The effects of the war effort crippled the club’s finances. With travel restrictions placed on train services, and local men enlisting en masse, Cardiff’s income from attendances dwindled. The situation became so dire that players were told to look for part-time jobs during the summer break in case the club was unable to pay their wages. When they threatened to strike, the club’s committee approached Keenor over the possibility of forming a squad from his fellow soldiers of the Football Battalion. However, with the War escalating, the Football Association officially suspended all of its competitions at the end of the 1914-15 season, negating any need for Keenor to raise a team.

Keenor and his battalion were moved to the country residence of the regiment’s founder, William Joynson-Hicks, near Dorking, where they began basic training. Keenor was a notoriously poor shot with a rifle, even being described by the regimental sergeant major as “the worst shot he had ever seen”. During their posting, the battalion organised a fixture against Cardiff City on 2nd October 1915. Keenor was originally due to play for the army side against his club, but Cardiff manager Fred Stewart asked that he play for his club side. The match ended in a 1-0 victory for the battalion.

One month after the match, on 16th November, Keenor and his battalion began the journey to France to join the front lines. They billeted in the village of Les Ciseaux for one month before moving to the city of Béthune. Most of his posting during his battalion’s first months in France involved training and guard duty. On 9th December 1915, however, they were posted to Annequin near the front line. They were soon moved into the main trenches, which were knee-deep in mud and infested with rats. His battalion remained on duty until 22nd December when they were relieved, resting in the nearby village of Beuvry over Christmas.

Cardiff City organised regular collections at their wartime fixtures during this period to send parcels to Keenor and Jack Stephenson containing letters from fans and home comforts. The Middlesex Battalion claimed the Divisional Football Cup with relative ease, defeating a team from the 34th Brigade 11-0 in the final on 11th April 1916; each player received a winners’ medal made of bronze.

However, the War soon took its toll on the battalion as they began suffering casualties from the fighting, including Buckley who suffered severe shrapnel injuries. Having returned to the front, the Regiment was involved in the Battle of the Somme, one of the bloodiest battles in history, in particularly the Battle of Delville Wood. Keenor later described the scene during what he called a “hellish battle”, stating:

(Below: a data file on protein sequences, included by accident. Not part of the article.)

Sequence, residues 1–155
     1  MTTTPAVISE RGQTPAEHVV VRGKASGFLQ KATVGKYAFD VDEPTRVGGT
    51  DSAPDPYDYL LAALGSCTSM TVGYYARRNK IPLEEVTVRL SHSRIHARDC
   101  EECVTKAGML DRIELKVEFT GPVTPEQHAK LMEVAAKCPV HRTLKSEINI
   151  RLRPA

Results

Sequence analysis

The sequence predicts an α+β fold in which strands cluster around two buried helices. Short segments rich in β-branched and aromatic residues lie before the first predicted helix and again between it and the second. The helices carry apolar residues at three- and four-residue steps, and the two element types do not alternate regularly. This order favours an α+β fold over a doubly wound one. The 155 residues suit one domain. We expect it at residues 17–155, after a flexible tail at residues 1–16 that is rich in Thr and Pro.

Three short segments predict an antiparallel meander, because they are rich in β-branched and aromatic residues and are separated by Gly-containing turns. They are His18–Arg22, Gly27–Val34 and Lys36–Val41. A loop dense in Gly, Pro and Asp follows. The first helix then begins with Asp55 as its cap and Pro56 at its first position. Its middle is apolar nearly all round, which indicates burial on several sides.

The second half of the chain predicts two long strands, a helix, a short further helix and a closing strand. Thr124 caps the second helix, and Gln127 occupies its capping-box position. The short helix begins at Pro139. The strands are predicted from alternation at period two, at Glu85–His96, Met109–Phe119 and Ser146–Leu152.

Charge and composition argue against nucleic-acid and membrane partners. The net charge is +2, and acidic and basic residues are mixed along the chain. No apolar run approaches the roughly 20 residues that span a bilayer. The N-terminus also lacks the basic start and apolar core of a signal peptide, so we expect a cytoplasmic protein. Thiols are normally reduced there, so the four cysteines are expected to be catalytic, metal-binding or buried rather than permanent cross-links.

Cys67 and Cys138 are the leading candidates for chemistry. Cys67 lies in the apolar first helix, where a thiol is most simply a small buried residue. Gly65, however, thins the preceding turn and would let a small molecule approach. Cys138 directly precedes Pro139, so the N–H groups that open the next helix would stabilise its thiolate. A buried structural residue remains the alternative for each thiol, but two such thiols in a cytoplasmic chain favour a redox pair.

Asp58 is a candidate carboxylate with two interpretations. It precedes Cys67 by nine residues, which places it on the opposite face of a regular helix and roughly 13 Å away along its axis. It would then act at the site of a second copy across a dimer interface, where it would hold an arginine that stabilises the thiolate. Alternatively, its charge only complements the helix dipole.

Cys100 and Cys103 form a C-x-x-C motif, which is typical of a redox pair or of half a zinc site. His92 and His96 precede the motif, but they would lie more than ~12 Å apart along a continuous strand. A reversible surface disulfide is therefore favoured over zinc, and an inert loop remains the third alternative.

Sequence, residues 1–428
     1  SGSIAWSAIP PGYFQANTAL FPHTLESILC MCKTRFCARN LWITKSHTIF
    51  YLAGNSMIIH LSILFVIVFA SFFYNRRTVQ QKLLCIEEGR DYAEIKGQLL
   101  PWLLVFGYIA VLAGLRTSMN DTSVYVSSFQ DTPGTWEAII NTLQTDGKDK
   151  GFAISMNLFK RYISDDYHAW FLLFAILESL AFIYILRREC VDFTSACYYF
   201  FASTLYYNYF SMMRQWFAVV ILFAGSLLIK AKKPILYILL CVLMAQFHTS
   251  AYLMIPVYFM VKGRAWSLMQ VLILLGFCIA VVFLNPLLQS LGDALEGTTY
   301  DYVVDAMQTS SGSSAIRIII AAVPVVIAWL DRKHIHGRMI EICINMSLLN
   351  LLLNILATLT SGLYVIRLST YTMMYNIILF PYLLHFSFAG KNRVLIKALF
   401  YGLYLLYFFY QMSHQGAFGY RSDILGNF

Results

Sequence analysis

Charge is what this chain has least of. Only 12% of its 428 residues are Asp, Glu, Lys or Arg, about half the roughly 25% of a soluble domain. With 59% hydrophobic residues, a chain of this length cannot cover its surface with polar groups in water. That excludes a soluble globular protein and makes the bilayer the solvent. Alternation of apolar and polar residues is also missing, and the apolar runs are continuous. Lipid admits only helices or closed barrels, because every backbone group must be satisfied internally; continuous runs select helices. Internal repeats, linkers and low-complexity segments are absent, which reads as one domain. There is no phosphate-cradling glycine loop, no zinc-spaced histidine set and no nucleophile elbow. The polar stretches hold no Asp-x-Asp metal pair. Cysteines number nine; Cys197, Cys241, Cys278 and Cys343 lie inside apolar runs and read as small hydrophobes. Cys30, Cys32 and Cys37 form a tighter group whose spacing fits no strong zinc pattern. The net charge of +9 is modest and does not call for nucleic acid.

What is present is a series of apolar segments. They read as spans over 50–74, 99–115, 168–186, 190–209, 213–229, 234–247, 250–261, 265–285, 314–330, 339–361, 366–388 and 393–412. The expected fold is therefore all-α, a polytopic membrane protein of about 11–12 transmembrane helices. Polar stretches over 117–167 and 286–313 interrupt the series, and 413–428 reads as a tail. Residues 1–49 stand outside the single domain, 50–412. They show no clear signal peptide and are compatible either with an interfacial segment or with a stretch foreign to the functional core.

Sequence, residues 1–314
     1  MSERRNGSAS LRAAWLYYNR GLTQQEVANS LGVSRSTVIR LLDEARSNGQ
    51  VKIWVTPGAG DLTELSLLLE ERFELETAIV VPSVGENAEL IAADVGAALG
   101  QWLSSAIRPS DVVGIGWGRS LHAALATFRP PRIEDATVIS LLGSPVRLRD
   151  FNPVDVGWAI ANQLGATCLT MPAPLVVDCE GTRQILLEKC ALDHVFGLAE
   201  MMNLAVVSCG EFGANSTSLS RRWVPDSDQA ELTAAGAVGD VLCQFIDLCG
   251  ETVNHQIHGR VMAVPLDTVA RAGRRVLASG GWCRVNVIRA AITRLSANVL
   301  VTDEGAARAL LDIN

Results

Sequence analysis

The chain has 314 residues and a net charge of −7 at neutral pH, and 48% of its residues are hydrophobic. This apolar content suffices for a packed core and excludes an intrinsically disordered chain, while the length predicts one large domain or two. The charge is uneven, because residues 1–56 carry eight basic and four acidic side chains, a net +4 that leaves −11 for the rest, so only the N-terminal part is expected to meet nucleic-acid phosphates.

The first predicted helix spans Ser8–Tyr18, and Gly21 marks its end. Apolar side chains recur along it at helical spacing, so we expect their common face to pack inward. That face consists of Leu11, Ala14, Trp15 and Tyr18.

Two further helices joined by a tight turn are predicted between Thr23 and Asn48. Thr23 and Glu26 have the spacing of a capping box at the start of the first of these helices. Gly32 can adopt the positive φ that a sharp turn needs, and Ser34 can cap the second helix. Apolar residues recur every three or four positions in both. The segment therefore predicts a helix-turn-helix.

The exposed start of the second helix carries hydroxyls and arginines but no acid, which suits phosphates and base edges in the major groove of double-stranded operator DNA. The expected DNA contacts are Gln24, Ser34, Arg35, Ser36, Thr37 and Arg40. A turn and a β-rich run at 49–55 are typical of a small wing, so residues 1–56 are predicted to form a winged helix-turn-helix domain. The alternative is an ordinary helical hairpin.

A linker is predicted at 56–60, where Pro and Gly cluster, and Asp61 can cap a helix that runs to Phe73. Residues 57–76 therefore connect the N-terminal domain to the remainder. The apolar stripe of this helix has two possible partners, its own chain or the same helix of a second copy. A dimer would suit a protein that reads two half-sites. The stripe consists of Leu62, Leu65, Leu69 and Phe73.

“One must pay tribute to the good work of the Footballers’ Battalion. Stationed at Delville Wood, Jerry’s artillery threw everything he has at us – and then some. It simply rained shells. The wonder was that any of us came out alive. It was attack and counter-attack day and night, but during the battle for possession of this wood there was not a sign of cowardice among our men. Some of them may have been called “windy” on the football fields of England, but out there in France they stood the real test of all.”

During the battle, Keenor was badly wounded when a piece of artillery shrapnel struck his left leg above the knee on 28 July, leaving him unable to walk. An unknown soldier saw him attempting to crawl away from the incoming fire and managed to help him back to the nearby medical facilities where army doctors were able to tend to his injury. The wound was so severe that they considered amputating the leg but decided against it. He was removed from the Western Front and transported to an army hospital in Dublin where he spent six months undergoing rehabilitation on his injured leg.

Following his return to service, Keenor was stationed in Chatham, Kent, as a physical training instructor for the 5th Reserve Brigade. He was later promoted to the rank of Sergeant and was awarded the Victory Medal, the 1914-15 Star and the British War Medal for his service during the War. Between 1915 and 1919, Keenor appeared as a guest for Brentford in the London Combination. During the 1918-19 season, the side won the League title with Keenor making 19 guest appearances. Keenor first appeared for his country when he featured for Wales in two unofficial Victory internationals in 1919.